Anti-Discrimination Centre “Memorial” welcomes the decision of the European Court for Human Rights (ECtHR) in the case of Filipp Kostenko and several other applicants.
On October 20, 2020, the European Court of Human Rights issued its decision in the case of “Shneyder and Others v. Russia” based on six legal complaints brought up by several peaceful demonstrators. The Court ruled that Russia had violated Articles 5, 6 and 11 of the European Convention on Human Rights.
The seven applicants had been detained for participating in peaceful demonstrations in Moscow and St. Petersburg, then convicted of administrative offenses and had received sentences ranging from fines of 500-1000 rubles to administrative arrests for a periods of 3-15 days.
The European Court considered that the measures applied to peaceful participants in public assemblies did not correspond to public needs and were unnecessary. Article 11 of the European Convention (the right to freedom of assembly and association) had been violated in respect of all the applicants, as the Russian courts had ruled it unlawful that some of the applicants had shouted slogans and/or had refused to stop participating in a public event that took place without prior notification to the authorities.
ECtHR found violations of Articles 5 and 6 of the Convention (right to liberty and security of person, right to a fair trial) in the cases of some of the applicants. In particular, this was true in the case of Filipp Kostenko, who had complained that the lawyer he had chosen had not been admitted to the court hearings of the first instance, and that the court of appeal later had modified the charges against him, while not giving the defense an opportunity to speak.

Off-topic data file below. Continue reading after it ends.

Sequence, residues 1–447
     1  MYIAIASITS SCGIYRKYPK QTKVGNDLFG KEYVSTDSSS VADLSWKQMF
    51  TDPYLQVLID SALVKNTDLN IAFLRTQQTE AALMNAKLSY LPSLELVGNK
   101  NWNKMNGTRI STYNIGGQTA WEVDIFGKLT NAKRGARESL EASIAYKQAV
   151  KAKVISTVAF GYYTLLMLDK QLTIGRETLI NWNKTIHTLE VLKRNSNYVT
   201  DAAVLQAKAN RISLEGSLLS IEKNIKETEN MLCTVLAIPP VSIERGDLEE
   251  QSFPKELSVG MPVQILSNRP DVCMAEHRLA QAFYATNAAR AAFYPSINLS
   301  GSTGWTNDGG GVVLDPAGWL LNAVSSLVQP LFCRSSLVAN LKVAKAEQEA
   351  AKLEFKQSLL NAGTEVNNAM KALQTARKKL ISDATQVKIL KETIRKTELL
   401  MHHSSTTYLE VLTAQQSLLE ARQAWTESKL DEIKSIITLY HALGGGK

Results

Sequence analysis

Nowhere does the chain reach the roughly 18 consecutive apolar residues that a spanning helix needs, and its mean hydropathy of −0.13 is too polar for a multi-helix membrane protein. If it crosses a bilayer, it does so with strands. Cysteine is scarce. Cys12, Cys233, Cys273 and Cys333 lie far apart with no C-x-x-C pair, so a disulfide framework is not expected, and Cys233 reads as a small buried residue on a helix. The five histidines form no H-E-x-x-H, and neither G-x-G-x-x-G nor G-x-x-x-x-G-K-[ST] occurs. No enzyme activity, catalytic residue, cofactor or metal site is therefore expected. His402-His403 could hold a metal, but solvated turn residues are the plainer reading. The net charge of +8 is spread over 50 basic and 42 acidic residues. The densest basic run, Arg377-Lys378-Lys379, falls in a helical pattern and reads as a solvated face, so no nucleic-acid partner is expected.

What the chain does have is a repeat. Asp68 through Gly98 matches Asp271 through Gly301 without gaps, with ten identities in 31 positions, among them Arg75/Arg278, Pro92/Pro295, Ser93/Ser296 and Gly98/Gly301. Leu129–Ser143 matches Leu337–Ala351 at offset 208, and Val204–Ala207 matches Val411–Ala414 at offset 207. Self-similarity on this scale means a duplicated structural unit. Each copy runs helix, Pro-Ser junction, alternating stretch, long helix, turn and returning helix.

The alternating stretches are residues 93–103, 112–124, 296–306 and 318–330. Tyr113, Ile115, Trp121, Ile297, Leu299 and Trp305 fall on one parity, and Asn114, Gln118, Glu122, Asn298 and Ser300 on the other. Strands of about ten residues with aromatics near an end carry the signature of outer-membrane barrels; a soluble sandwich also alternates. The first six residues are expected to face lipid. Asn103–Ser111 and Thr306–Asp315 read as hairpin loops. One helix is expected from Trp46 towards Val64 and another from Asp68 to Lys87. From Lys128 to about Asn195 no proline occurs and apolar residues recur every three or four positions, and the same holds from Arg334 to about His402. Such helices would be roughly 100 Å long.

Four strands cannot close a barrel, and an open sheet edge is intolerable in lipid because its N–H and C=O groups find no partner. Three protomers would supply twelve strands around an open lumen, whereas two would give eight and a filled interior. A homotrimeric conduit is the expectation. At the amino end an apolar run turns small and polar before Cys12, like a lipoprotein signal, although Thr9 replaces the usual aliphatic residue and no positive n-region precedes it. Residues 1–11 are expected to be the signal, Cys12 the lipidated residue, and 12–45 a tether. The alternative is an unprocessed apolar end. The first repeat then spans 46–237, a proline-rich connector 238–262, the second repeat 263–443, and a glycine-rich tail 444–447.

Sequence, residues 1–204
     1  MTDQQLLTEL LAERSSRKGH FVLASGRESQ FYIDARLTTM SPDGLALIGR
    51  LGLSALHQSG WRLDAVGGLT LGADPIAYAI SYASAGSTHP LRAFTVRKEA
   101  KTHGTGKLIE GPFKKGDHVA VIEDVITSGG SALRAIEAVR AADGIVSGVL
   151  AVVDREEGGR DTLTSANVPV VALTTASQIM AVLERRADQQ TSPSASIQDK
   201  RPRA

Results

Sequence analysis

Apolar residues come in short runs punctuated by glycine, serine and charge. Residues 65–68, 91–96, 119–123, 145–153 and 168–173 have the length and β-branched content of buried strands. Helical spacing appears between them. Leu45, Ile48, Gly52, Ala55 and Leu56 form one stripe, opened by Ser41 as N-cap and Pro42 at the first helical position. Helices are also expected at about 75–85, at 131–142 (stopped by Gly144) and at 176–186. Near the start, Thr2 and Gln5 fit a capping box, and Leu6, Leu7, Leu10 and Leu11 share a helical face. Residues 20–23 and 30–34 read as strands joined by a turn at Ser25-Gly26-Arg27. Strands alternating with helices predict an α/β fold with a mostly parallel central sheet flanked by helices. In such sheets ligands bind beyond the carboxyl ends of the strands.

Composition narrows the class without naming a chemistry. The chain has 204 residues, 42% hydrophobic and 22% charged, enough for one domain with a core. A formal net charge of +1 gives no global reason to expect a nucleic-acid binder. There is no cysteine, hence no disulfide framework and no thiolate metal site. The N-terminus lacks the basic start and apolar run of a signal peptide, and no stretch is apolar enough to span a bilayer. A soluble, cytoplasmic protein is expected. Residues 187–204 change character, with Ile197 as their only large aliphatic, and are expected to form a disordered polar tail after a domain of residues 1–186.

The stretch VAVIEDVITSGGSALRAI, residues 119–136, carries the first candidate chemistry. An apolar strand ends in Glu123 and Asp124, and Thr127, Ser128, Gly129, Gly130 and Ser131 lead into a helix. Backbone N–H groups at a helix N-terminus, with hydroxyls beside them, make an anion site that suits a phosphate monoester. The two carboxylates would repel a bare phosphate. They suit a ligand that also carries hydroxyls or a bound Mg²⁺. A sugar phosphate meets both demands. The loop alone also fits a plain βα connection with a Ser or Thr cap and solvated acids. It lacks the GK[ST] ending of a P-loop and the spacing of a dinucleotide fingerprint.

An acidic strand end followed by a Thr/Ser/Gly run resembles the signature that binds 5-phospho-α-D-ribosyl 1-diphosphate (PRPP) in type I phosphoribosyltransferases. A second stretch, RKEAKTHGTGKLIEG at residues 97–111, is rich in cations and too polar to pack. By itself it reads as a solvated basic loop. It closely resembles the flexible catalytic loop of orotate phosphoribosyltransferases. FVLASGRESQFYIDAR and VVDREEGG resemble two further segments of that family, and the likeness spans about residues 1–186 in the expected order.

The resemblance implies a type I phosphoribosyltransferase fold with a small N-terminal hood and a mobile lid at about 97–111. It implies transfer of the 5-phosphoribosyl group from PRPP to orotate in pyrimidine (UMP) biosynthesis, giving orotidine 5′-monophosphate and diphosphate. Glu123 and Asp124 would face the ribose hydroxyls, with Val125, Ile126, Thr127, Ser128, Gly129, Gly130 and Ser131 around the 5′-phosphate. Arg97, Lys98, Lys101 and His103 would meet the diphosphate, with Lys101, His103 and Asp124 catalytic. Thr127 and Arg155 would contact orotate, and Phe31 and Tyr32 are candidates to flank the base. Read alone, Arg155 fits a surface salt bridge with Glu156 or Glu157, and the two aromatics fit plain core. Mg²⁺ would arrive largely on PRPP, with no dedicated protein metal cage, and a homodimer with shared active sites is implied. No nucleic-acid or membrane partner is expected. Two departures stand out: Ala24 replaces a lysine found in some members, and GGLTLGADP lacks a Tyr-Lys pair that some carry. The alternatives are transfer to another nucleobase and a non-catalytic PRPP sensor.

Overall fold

Yana Teplitskaya, one of the applicants in the case, has commented on the ECtHR’s decision:
“It seems to me that this case is interesting because there is nothing superfluous in it: at every stage, from drawing up police protocols to presenting a complaint to the ECtHR, I wrote about freedom of assembly, mentioning Article 11 [of the European Convention] and Article 31 [of the Russian Constitution]. And the public event itself [where people had been detained] was dedicated to freedom of assembly in its purest form. Perhaps, it is also important for me that after such a lengthy period of time since the case itself, it is possible to assess the changes that have occurred since then. Nine years ago everything was different, in many respects softer: the fines were 20, or even 200 times less than now, there was no article 212.1 of the Russian Criminal Code [multiple violation of the rules for organizing public assemblies], there was still no law on “foreign agents” and ADC “Memorial” had still operated in St. Petersburg. But the main shift has already happened: the police detained and the courts condemned [the activists] regardless of the European Convention and the [Russian] Constitution. Ten years later this has resulted in the reality in which we now live”.
Within three months Russia will have to pay the compensation to seven applicants, which was awarded by the Court in the amount of €5,000-10,000 for each claimant and also to reimburse the fines they had paid.